Cayucas – Bigfoot album review

This album plays like the soundtrack to Cayucas’ very own splashy ride at Disney World; except instead of watching Br’er Rabbit’s narrative unfold, it’s a series of Zach Yudin statues gushing over various musical influences as he discovers them. In the first, Yudin as a small child with a bowl cut listening to The Beach Boys on the shag carpet in his parent’s basement. He’s holding the record high above him, victorious. In the he second, he’s a pre-teen smoking stolen cigarettes behind the neighbourhood drug store when an el camino blaring Beck passes by. He is bending around the corner, his ear glued to the musical vapor stream. Next, the millennium, Yudin as a freshman, en route to school, cardboard boxes and a potted plant in the backseat. The Dandy Warhol’s So Bohemian Like You is playing on the radio. His face is rolled up in an expression of exultation, his hand cranks the volume knob. Lastly, senior year bonfire at the beach, Vampire Weekend plays over the loud speaker, Yudin is frozen mid-star jump. Full. Musical. Orgasm.

And though Yudin’s vocals are not without merit, his voice floats as easy as sea salt on the Pacific breeze; and the songs themselves are catchy, invoking images of popped-collar-wayfarer-tribal-pep-rallies; the album itself sorely lacks originality. There are no mystery’s here, no lessons; save the pitfalls of holding your musical idols too close. Bigfoot is postmodern sink hole within which no listener can escape the nagging suppositions that they know exactly who Zach Yudin is, and why he is the way he is; which is arguably this albums greatest fault.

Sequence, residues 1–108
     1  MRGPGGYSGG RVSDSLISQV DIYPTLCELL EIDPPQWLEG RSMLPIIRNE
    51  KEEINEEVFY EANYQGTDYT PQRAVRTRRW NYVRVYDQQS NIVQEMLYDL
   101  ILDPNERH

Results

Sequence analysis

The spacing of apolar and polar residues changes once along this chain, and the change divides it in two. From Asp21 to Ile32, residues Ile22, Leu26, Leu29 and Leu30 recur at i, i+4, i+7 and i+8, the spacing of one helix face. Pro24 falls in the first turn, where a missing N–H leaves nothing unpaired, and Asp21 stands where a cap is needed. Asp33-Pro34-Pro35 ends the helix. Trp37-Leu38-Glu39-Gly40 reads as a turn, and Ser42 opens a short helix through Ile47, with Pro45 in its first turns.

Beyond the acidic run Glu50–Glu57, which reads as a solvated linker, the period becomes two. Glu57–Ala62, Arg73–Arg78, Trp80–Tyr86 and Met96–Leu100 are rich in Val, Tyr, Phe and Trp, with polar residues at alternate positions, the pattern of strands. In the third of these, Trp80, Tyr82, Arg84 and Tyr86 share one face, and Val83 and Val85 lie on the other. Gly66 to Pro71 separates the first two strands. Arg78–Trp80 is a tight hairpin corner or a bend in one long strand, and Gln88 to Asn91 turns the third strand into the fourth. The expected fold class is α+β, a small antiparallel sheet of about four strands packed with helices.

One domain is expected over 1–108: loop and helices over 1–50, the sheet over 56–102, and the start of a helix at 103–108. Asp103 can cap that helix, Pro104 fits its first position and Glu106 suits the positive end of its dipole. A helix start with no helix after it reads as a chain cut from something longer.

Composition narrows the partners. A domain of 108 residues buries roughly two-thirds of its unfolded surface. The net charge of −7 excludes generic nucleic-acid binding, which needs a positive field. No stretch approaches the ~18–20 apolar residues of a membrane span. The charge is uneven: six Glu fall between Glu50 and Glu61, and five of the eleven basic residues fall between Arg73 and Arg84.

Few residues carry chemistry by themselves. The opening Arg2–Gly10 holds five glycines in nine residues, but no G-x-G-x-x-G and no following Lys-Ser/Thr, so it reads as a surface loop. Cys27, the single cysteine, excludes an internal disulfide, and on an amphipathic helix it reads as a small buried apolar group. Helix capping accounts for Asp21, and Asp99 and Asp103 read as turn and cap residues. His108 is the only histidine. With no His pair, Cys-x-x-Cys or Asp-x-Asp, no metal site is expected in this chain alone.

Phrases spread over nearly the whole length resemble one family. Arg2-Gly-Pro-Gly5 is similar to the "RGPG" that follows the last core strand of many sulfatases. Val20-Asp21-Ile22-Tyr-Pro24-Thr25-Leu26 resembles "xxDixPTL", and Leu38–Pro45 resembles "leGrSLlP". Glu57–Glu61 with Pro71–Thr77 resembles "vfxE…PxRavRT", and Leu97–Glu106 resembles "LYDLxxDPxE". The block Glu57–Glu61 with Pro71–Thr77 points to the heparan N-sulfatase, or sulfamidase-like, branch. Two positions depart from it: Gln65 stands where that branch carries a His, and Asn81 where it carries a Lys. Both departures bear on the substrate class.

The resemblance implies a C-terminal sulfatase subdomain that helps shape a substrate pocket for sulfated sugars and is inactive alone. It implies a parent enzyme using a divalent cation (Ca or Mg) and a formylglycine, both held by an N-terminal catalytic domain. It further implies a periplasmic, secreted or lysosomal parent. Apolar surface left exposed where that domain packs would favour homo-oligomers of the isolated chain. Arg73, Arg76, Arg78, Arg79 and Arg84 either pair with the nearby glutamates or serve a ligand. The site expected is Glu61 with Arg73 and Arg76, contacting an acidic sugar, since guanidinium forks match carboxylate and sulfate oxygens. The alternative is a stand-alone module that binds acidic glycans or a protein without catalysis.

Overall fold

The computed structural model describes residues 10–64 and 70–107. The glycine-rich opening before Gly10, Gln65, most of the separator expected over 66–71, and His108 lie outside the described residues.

It is the unanswered questions that gift the transcendence that all music lovers covet. It is the not knowing, the not understanding, the awe and wonder at the inexplicable that allows us to remove ourselves from our bodies and float up into the ether. In this way, Cayucas fumbles their homage. They are unable to recreate the musical ingenuity of their forefathers and so their nostalgia feels like an ill-fitted suit, a department store version of couture.

On a positive note, this album is sure to rekindle your love for the bands whose motifs are so blatant. It will steer you back towards the original creators of the vibes, those who were able to cultivate that elusive wonderment because when those bands played, the nuances were fresh and awe inspiriting; but mostly it will revive your love of hipster bonfires on Maine’s beaches.

By Lindsay Ure

Lover of words, self-proclaimed audio junkie, student of life, chaser of art. She is a woman you can trust with all things music, because she`s not actually a woman at all, but a custom banjo.

Leave a Reply

Your email address will not be published. Required fields are marked *

This site uses Akismet to reduce spam. Learn how your comment data is processed.